The Book, Cat, & Cat Book Lovers Almanac

of historical trivia regarding books, cats, and other animals. Actually this blog has evolved so that it is described better as a blog about cats in history and culture. And we take as a theme the advice of Aldous Huxley: If you want to be a writer, get some cats. Don't forget to see the archived articles linked at the bottom of the page.

February 27, 2014

February 27, 1926

David H. Hubel (February 27, 1926 to September 22, 2013), a scientist, described his forebears by mentioning that

.... my paternal grandfather, emigrated as a child to the U.S.A. from the Bavarian town of Nördlingen. He became a pharmacist and achieved some prosperity by inventing the first process for the mass producing of gelatin capsules. ...[And himself this way:] As a boy my main hobbies were chemistry...and electronics. I soon tired of the electronics because nothing I built ever worked....At McGill College I did honors mathematics and physics, partly to find out why nothing worked in electronics, but mainly because it was more fun to do problems than to learn facts. I still much prefer to do science than to read about it. I graduated in 1947 and, almost on the toss of a coin, despite never having taken a course in biology (even in high school, where it was considered a subject only for those who could not do Latin or mathematics) I applied to Medical School at McGill....

and there I became fascinated by the nervous system....
[Later I] was lucky enough to be assigned to the Walter Reed Army Institute of Research, Neuropsychiatry Division, and there, at the age of 29, I finally began to do research. One then had little of the feeling of frenetic competition that is found in graduate students today [1981]; it was possible to take more long-shots without becoming panic stricken if things didn't work out brilliantly in the first few months. We were not free from financial worries, as graduate students in biology by and large are now; until I entered the army my income was close to zero, and I owe a huge debt to my wife Ruth for supporting us through those lean and exploited years of residency and fellowship training.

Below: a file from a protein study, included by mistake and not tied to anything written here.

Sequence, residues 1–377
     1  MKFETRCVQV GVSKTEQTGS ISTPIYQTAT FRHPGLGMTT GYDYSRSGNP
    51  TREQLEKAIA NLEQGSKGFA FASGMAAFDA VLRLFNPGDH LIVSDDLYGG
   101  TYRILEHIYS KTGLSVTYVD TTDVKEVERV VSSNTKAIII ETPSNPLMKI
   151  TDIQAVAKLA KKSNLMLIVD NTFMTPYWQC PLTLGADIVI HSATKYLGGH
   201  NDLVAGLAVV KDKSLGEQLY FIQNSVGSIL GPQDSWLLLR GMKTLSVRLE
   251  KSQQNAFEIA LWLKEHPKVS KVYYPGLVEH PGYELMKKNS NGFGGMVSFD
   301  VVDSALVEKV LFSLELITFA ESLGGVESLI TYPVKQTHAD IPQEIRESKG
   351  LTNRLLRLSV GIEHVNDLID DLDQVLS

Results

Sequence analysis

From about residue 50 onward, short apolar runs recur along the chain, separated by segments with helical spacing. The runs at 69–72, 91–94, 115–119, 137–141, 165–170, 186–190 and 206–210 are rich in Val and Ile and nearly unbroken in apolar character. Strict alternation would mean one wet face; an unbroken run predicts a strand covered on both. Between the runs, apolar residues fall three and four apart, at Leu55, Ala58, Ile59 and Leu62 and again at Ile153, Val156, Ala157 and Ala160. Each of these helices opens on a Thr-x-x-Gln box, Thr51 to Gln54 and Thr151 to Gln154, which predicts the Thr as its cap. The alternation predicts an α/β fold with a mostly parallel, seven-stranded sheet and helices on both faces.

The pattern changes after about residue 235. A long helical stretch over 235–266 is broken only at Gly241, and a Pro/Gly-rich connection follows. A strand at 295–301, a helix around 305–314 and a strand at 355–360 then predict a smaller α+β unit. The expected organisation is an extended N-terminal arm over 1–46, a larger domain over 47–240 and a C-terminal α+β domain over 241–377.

Scientifically, I could hardly have chosen a better place than Walter Reed.....[T]he focus was on the entire nervous system, not on a subdivision of biological subject matter based on methods..... My main project while at Walter Reed was a comparison of the spontaneous firing of single cortical cells in sleeping and waking cats. I began by recording from the visual cortex: it seemed most sensible to look at a primary sensory area, and the visual was easiest, there being less muscle between that part of the brain and the outside world. It was first necessary to devise a method for recording from freely moving cats and to develop a tungsten microelectrode tough enough to penetrate the dura. That took over a year, but in the end it was exciting to be able to record from a single cell in the cortex of a cat that was looking around and purring.

In 1958 I moved to the Wilmer Institute, Johns Hopkins Hospital, to the laboratory of Stephen Kuffler, and there I began collaboration with Torsten Wiesel. A year later Kuffler's entire laboratory (nine families) moved to Harvard Medical School in Boston ....Five years later, in a move unprecedented for Harvard, we became the new Department of Neurobiology.....

Since the age of five I have spent a disproportionate amount of time on music, for many years the piano, then recorders, and now the flute. I do woodworking and photography, own a small telescope for astronomy, and I ski and play tennis and squash. I enjoy learning languages, and have spent untold hours looking up words in French, Japanese and German dictionaries. In the laboratory I enjoy almost everything, including machining, photography, computers, surgery - even neurophysiology.

This is how Hubel describes himself in a bio he wrote for the Nobel Prize committee, after winning the 1981 Nobel Prize (shared jointly with others) for his research and discoveries on the visual cortex.

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